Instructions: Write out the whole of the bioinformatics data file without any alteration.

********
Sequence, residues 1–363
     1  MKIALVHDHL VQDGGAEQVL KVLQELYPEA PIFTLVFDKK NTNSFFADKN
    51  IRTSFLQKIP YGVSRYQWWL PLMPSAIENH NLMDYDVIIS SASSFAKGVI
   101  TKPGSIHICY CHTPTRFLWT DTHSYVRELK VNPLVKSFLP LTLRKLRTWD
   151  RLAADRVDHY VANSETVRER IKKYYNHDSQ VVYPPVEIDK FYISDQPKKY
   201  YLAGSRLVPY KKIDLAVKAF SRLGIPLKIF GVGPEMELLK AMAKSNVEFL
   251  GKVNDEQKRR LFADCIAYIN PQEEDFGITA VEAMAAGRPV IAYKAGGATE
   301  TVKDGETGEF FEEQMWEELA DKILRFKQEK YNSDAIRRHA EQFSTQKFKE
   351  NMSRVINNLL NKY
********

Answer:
Sequence, residues 1–363
     1  MKIALVHDHL VQDGGAEQVL KVLQELYPEA PIFTLVFDKK NTNSFFADKN
    51  IRTSFLQKIP YGVSRYQWWL PLMPSAIENH NLMDYDVIIS SASSFAKGVI
   101  TKPGSIHICY CHTPTRFLWT DTHSYVRELK VNPLVKSFLP LTLRKLRTWD
   151  RLAADRVDHY VANSETVRER IKKYYNHDSQ VVYPPVEIDK FYISDQPKKY
   201  YLAGSRLVPY KKIDLAVKAF SRLGIPLKIF GVGPEMELLK AMAKSNVEFL
   251  GKVNDEQKRR LFADCIAYIN PQEEDFGITA VEAMAAGRPV IAYKAGGATE
   301  TVKDGETGEF FEEQMWEELA DKILRFKQEK YNSDAIRRHA EQFSTQKFKE
   351  NMSRVINNLL NKY